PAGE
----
Negotiating a Tenancy Agreement

Landlords/letting agents do not have a standard or model contract which they are required to use. If there are aspects of the tenancy agreement you are unhappy with you can ask that it is changed.

Agreeing to sign a contract is a two-way process between you and the landlord/letting agent.

You do not need to accept what you are being offered as the proposed terms are all negotiable. Landlords/letting agent are more likely to accept changes closer to the start of the academic year rather than risk leaving a property empty. You can negotiate yourself a good deal.

When and who to Negotiate with?

You need to negotiate BEFORE signing a housing contract. Once you have signed the contract you have agreed to abide by all terms within it. It becomes a lot more difficult, if not impossible to negotiate after you sign.

If you are signing a contract through a letting agent, you need to start negotiating with them. If negotiating with the letting agent does not work, you should contract the landlord directly and negotiate with them instead.

What can you Negotiate?

  1. Rent - If you think that the rent is too high, research similar properties in the area and compare them. Mention your concerns to the landlord/letting agent, as it could influence them to adjust the rent so that it is in line with the market. If the contract involves monthly rental payments, you can offer to pay termly in advance to get a reduced rent. This might help landlords with their cash flow.
  2. Rent payment dates - If the rent payment dates does not align with your student finance or other sources of income you can try to renegotiate the payment schedule.
  3. The length of contract - You are responsible to pay the rent for the full fixed term. You may want to renegotiate what this fixed term is, normally it is 12 months, but you may want 9 or 10 months if you will not be living in the property over summer. As an example, if you are paying £80 a week and you renegotiate the term to 9 months instead of 12, you could save over £1,000. Equally, you might want to include a break clause which allows a tenancy to be terminated before the end of the fixed term.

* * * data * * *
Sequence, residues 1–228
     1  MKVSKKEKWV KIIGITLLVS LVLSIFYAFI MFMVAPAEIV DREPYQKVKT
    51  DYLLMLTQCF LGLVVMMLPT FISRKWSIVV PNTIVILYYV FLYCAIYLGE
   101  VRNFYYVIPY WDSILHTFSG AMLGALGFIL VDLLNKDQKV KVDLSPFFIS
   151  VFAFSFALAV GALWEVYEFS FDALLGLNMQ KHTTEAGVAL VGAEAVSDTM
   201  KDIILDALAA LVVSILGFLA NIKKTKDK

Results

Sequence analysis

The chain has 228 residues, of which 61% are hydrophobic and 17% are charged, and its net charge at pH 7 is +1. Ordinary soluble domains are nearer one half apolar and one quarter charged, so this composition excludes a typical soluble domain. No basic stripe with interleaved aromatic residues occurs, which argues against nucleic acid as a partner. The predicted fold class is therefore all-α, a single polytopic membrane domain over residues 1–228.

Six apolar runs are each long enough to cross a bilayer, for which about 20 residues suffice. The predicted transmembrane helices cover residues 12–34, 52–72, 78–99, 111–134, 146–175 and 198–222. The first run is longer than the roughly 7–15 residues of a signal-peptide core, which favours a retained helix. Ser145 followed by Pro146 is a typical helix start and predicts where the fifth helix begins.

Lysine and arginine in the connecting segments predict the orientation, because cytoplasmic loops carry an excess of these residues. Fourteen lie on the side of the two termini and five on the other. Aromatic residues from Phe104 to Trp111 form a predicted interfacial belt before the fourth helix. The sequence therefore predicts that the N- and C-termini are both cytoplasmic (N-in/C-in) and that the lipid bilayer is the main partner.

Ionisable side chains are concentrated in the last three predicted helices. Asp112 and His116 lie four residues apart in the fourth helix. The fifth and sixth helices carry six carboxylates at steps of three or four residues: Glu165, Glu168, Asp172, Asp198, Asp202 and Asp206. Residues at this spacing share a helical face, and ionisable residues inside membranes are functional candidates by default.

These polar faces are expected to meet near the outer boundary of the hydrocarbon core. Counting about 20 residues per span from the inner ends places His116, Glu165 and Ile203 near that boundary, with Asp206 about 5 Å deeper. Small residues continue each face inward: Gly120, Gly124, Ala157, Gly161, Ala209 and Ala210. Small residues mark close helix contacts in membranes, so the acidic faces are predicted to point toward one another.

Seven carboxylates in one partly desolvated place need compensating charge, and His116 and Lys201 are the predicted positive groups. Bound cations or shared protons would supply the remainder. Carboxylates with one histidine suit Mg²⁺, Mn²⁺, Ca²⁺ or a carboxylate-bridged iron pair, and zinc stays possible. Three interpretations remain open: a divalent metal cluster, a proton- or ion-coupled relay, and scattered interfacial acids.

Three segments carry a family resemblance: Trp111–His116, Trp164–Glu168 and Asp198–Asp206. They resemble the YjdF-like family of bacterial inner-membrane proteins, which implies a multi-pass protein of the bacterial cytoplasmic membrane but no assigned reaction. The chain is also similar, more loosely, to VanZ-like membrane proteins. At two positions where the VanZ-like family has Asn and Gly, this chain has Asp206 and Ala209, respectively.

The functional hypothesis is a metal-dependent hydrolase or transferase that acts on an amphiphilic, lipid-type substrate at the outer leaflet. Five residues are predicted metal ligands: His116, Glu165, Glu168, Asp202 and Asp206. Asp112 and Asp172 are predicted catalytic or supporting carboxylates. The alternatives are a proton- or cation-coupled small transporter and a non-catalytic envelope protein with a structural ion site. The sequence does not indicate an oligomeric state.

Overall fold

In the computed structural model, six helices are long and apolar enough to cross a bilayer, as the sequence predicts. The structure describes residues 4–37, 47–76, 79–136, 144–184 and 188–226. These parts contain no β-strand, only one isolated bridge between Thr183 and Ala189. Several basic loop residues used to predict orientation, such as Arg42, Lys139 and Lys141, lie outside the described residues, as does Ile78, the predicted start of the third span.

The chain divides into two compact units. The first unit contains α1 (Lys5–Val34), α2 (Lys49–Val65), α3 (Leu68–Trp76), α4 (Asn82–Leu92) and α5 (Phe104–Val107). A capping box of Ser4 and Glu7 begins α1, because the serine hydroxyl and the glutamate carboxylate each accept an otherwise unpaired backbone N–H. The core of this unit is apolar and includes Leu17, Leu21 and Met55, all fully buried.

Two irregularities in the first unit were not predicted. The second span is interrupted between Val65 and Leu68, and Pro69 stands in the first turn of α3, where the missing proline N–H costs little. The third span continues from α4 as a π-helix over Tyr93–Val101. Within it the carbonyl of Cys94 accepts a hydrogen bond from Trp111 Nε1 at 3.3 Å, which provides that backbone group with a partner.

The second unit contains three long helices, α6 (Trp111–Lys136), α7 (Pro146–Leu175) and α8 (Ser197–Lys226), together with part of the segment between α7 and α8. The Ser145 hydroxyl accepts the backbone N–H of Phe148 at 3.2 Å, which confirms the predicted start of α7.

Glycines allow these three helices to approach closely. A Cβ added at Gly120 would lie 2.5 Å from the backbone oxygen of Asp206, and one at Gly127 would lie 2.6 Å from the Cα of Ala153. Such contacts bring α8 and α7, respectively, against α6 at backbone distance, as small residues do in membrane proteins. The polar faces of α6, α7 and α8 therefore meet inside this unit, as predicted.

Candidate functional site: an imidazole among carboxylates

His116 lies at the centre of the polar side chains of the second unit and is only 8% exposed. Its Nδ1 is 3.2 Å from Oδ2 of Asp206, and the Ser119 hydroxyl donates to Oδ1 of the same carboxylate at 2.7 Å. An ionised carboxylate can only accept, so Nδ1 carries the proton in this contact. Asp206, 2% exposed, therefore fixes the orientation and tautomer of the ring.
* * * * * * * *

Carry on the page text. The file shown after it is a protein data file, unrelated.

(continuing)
4. Type of contract - If you are renting a property in a group, you can avoid joint and several liability for the whole rent of the property if the landlord agrees to grant you each a tenancy for your own room. If this is the case, you would only be liable for your rent.
  5. Inclusive/Non-inclusive bills - If you have inclusive bills, it is a good idea to make sure that you have a clear understanding of what the terms around inclusive bills are. Is there a cap? Are you liable for bills more than the cap? Will the difference be refunded? If you are not happy with the terms regarding inclusive bills, you can attempt to negotiate these aspects of the contract.
  6. Garden maintenance - Be sure to know who is responsible for maintenance in the garden. If it is your responsibility, will you be provided with the tools?
  7. Landlord to maintain and repair electrical appliances - Check the landlord’s obligations regarding repairs in the contract and if necessary, negotiate to add the following: “The landlord agrees to keep in repair and proper working the electrical appliances supplied by the landlord, including fridge, freezer etc”.
  8. Anything else - If you would like to negotiate any other aspect of the contract, this should happen as soon as possible.

Make sure anything you agree is put in writing.

You can use the universities contract checking service or book an appointment to discuss the contract before signing it.

It is essential that any changes you have negotiated are written into the contract to avoid any future issues regarding proving what was agreed on.

Last Updated: 28th September 2023